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American Annals of the Deaf

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Evolving Paradigms in Interpreter Education

Elizabeth A. Winston and
Christine Monikowski, Editors

                                                       Christine Monikowski

The Academic’s Dilemma: A Balanced and Integrated Career

Abstract

The study of interpreting between American Sign Language (ASL) and English is a relatively new discipline linked to linguistics, communication, sociology, and studies of social interaction. Scholarship is key in this “academization.” The dramatic increase in ASL/English interpreter education programs in institutions of higher education across the United States requires instructors who can succeed in the academy, which often means completing doctoral degrees and navigating through the tenure and promotion processes. As a “practice profession,” our constituencies expect us to interpret; as academics our constituencies expect us to teach and conduct research. In this chapter I address the challenges faced in the academy—teaching, practice, and research—and reflect on a balanced and integrated career for interpreter educators making their way through this culture of teaching and learning.

A balanced and integrated career filled with intellectual stimulation, a continued sense of learning, respect and recognition from colleagues and students, financial reward (one must be realistic), and a happy and fulfilled life—is this not what we all want?

I became a teacher because I enjoyed being a student but could not financially afford to be a perennial student; teaching seemed to be the next best thing. I could continue to read, learn, conduct research, interact with like-minded colleagues, influence the next passionate generation, and earn a living at the same time. That was what I wanted to do and, to a certain extent, it is what I still strive to do. My life in the academy is a good one and I am afforded many opportunities to keep my energy fl owing. The real challenges are how to organize my time, how to identify appropriate topics for research and writing, with whom to collaborate, and when to say “no.”

Legato’s classic “three-legged stool” (2006, 71) for a faculty member in higher education describes the three primary responsibilities: teaching, practice, and research. (Legato’s work specifically addresses physicians who teach in medical school, but the model applies to other disciplines, especially interpreting, regardless of the languages involved.) ASL/English interpreting has a history in teaching and practice. As we continue to move into higher education, we are coming to grips with the importance of research; it is “the heart of what [teaching in the academy] is all about” (Boyer 1990, 1). I strive to be a scholar and maintain a balance in my professional life; addressing these three responsibilities requires its own amount of time and attention.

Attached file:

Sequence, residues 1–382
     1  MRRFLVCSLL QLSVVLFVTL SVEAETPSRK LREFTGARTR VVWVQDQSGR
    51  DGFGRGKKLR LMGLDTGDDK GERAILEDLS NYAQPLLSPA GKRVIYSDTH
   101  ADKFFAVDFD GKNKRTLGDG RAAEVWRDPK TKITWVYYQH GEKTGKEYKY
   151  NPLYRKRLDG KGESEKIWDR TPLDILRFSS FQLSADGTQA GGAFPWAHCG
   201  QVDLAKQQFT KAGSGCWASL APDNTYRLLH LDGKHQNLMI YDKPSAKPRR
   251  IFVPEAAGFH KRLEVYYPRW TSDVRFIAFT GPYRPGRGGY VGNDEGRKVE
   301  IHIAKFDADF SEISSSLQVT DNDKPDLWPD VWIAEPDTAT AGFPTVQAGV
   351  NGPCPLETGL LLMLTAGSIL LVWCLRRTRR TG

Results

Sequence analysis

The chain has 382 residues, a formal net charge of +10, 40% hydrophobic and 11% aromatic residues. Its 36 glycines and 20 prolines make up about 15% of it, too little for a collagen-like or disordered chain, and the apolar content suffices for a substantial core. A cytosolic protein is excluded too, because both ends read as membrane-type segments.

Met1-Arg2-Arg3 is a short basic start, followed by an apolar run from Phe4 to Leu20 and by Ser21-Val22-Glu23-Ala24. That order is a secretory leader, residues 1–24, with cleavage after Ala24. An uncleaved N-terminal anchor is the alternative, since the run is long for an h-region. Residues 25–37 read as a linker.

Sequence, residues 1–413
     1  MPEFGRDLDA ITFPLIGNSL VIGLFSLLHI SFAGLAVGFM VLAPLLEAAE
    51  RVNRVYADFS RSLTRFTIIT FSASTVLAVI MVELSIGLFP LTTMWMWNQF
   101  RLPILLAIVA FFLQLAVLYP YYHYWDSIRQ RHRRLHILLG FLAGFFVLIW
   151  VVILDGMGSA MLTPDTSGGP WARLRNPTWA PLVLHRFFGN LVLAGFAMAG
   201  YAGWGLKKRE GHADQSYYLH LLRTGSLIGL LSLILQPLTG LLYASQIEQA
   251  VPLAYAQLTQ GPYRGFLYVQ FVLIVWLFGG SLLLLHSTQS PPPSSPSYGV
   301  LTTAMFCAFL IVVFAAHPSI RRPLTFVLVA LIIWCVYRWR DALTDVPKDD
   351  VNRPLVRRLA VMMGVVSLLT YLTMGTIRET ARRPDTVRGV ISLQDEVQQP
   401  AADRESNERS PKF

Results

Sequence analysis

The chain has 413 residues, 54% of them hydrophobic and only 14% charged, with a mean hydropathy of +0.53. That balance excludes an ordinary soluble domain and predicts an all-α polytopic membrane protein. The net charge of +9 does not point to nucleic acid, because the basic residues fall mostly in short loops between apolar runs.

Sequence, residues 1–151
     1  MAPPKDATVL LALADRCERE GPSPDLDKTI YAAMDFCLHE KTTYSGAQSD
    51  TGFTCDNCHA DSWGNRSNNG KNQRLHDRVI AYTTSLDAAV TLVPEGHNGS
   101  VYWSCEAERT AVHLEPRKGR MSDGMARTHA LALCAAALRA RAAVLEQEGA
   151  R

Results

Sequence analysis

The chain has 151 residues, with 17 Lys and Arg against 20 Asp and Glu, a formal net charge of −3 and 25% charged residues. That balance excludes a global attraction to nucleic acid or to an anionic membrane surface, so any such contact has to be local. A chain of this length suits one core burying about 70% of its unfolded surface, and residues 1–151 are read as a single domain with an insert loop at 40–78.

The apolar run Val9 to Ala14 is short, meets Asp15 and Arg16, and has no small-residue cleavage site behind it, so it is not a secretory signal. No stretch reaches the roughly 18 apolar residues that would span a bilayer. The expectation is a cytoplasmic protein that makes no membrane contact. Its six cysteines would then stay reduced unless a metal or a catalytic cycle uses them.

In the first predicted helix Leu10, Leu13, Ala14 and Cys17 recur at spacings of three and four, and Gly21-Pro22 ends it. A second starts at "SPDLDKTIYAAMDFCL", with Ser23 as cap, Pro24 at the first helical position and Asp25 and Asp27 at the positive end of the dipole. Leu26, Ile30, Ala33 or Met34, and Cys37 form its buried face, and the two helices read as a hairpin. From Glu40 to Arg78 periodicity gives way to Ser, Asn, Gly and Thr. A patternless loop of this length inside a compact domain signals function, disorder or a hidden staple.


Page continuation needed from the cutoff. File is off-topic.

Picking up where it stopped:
As I approach my 30th year in higher education (seven years in a lecturer position at a major university in the American Southwest prior to the tenure-track position I now hold), I appreciate the opportunity to reflect upon the time and energy I have expended to arrive at the rank of full professor (which required one tenure portfolio and two promotion portfolios over the years) and the choices I have made along the way.

Interpreter Education Programs (IEPs) in Institutions of Higher Education

Where Are We Now?

Although the field of translation is a well-established, well-respected, and venerable area of academic inquiry, interpreting between American Sign Language (ASL) and English is a relatively new interdisciplinary area of academic study linked to a variety of disciplines such as linguistics, communication, sociology, and studies of social interaction. This is manifested in the qualifications for faculty positions in this discipline in institutions of higher education (IHEs); the required qualifications are not consistent.

The differences between typical two-year and four-year IHEs in the United States make the issues even cloudier. According to the U.S. Department of Education National Center for Education Statistics (2010),[1] there are 1,180,153 full-time faculty employed in four-year IHEs (colleges and universities) and 216,756 full-time faculty employed in two-year IHEs (most commonly called community colleges) in the United States.


1. Most recent data available.
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